Are you trying on the wrong shoes?

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Imagine you need to buy shoes for yourself. You go to the store, spend at least 10 minutes looking through every shelf there and then you go to another store to do exactly the same. Seven stores later, when you finally find the right shoes, the store turns into a runway just for you. You find it essential to try on the shoes, walk back and forth and wiggle every toe. When it comes to shoes, it has got to be the perfect balance between comfort, appearance and price.

Think about how much time and effort you spend to find that perfect pair of shoes. It has to be worth it. After all, the shoe takes us places and becomes a part of our personality. Everybody else also takes as much time to pick their perfect fit. Why then are we so quick to judge other people without even considering walking in their shoes?

It is undoubtedly very easy to judge a person and most times doesn’t even require a lot of observation. Just a glimpse does the trick of preparing an image of the person where you’ve outlined every little element of the person’s characteristics. There are a few reasons that contribute to this instantaneous judgment. 

When you meet someone whose personality is as different as chalk and cheese as compared to yours, so much so that when you imagine yourself behaving like the other person, it would embarrass you. In such a case, you would tend to mask your emotions by quickly making a judgment about the other person.                                                        

Another reason for being quick to judge stems out of envy. When you see someone who is a popular achiever, you judge the person by looking for faults as a self- defense mechanism.

The ease with which you trust a person also influences whether or not you would judge that person. If an individual doesn’t appear warm and welcoming to you, your first instinct would be to judge.                                     

Apart from the above, appearance and financial status are also predominant reasons that lead to quick judgments. 

Now that we know some of the motives behind judgments, Let’s try to deduce some solutions.                                                                                               

It is said that ‘first impression is the best impression’ we should keep in mind, not to mistake the ‘first impression’ with a ‘hasty impression’. No human being, no matter how wise, is capable of being sure of the image he has created at the first interaction with that person. Give the person, and yourself, enough time before getting into conclusions. Remember- only Allah is the best of judges.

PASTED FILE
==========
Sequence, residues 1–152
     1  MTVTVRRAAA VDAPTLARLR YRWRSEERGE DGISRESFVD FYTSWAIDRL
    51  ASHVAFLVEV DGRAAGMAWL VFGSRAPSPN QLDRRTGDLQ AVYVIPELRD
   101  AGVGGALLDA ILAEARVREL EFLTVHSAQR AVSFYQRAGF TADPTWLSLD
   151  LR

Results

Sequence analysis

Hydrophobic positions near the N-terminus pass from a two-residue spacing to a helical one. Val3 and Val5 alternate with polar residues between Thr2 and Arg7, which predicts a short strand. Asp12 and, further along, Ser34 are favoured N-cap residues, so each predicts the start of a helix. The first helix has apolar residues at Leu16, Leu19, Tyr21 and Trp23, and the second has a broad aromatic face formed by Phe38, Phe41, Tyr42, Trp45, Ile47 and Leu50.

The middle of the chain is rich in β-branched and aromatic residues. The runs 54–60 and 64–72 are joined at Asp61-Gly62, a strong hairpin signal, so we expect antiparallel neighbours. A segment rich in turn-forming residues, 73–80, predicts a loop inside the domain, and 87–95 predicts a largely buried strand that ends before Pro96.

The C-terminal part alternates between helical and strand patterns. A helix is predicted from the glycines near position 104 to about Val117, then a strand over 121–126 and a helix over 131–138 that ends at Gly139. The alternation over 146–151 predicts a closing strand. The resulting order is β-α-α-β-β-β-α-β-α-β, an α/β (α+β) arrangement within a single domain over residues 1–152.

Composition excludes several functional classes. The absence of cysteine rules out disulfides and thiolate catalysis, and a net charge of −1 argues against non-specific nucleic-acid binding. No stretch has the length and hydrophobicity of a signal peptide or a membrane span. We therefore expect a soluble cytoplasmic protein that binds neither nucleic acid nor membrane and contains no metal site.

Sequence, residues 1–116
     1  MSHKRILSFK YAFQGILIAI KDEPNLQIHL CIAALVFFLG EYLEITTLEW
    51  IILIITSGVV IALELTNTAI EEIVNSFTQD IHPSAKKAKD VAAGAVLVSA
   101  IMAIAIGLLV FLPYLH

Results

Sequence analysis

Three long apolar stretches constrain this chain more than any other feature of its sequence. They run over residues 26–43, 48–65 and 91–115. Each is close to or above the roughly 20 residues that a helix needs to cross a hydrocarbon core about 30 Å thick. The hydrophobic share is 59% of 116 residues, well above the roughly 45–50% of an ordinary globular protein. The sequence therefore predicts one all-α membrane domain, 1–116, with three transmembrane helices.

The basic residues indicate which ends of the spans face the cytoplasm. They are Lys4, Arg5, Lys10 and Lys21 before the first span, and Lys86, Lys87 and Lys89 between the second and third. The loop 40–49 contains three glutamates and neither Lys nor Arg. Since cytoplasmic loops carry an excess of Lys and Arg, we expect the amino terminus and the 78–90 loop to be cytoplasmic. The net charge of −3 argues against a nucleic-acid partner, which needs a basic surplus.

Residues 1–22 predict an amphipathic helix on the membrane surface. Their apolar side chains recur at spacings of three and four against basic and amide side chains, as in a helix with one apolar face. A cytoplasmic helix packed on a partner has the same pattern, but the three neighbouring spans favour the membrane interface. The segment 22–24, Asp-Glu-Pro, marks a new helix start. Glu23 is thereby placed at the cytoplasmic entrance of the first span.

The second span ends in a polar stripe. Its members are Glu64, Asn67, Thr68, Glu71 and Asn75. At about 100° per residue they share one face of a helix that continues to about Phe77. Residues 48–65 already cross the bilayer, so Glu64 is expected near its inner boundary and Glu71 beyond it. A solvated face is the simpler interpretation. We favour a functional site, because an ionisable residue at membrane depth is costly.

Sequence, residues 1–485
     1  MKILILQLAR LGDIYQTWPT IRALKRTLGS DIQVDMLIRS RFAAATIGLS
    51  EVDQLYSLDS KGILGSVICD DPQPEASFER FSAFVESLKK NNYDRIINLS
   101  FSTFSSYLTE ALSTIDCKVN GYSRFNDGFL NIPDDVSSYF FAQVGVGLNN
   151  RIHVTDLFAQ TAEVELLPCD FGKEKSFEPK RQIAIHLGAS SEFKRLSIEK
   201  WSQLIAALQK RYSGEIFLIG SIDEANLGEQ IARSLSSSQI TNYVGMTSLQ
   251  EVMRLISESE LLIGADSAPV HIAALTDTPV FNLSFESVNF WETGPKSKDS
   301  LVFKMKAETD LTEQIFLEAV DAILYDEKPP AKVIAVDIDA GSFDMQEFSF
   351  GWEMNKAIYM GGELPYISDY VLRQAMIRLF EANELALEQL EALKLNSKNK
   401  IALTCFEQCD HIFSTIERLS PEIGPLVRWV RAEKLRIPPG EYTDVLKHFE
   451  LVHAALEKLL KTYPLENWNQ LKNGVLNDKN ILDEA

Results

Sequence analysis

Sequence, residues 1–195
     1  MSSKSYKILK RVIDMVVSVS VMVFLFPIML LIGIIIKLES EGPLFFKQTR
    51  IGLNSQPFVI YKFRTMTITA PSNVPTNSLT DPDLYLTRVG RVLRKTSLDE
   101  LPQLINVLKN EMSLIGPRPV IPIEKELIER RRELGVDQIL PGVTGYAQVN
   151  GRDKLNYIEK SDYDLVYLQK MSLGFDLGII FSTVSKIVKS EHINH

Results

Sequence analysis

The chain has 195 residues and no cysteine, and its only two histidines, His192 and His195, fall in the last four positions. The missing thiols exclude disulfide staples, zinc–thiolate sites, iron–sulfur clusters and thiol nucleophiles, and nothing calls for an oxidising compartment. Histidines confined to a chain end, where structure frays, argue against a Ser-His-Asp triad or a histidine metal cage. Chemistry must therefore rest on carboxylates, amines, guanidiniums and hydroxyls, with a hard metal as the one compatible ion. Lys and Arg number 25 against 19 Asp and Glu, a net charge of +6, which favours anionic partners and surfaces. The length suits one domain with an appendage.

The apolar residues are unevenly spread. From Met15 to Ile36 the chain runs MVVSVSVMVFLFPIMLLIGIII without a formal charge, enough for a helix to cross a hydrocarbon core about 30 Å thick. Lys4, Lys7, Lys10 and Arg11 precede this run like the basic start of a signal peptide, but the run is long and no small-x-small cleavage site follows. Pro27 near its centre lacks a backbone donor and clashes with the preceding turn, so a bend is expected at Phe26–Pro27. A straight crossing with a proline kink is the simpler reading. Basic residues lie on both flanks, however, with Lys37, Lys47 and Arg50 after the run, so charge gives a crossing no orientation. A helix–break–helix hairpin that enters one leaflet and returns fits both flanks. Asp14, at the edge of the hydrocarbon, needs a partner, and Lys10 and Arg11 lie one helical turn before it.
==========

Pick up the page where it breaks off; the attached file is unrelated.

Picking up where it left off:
Before we dive into the move of judging a person, we must try to consider their situation. Every person has their own story and their own struggle. No struggle can be ridiculed or shunned as ‘easy’ compared to another’s struggle. If it’s really necessary, try to find out and understand a person’s back story before you succumb to the trap of judging.

Take efforts to not make judging a habit. When you think you are on the verge of judging a person, force your focus to shift on something else. The underlying idea of all the above solutions is to stick to walking in your own shoes. If you have to, do walk a mile in the other person’s shoes before judging them. 

In some cases, no matter how hard you try, you will not be able to fit into certain shoes.  As a school teacher, I try my best to make the students as well as their parents happy. Not very long ago, a parent contacted me about an issue she had with the way her daughter’s classroom was managed. I tried to reason with her and told her that I’ve got things under control and there’s nothing to worry about. She still looked uneasy and was unconvinced. Finally, with almost a whisper she said- ‘You are not a mother. You will not understand’. I was dumbfounded by the truth in her statement. She was absolutely right. I would never even be able to come close to judging or understanding like a mother would. I had never walked on those shoes. Not knowing how to respond, I just gave her an uncomfortable smile and we went back to doing our respective work. For at least a few days, I couldn’t help but think about what she said. It took me some time to realize that I need not walk in the shoes that I couldn’t fit in. If I didn’t know how to be a mother to my students, at least I could be an elder sister.

Dear readers, the deed of judging someone comes from insecurities within ourselves. Let us steer ourselves clear from it and be confident in our own shoes. 

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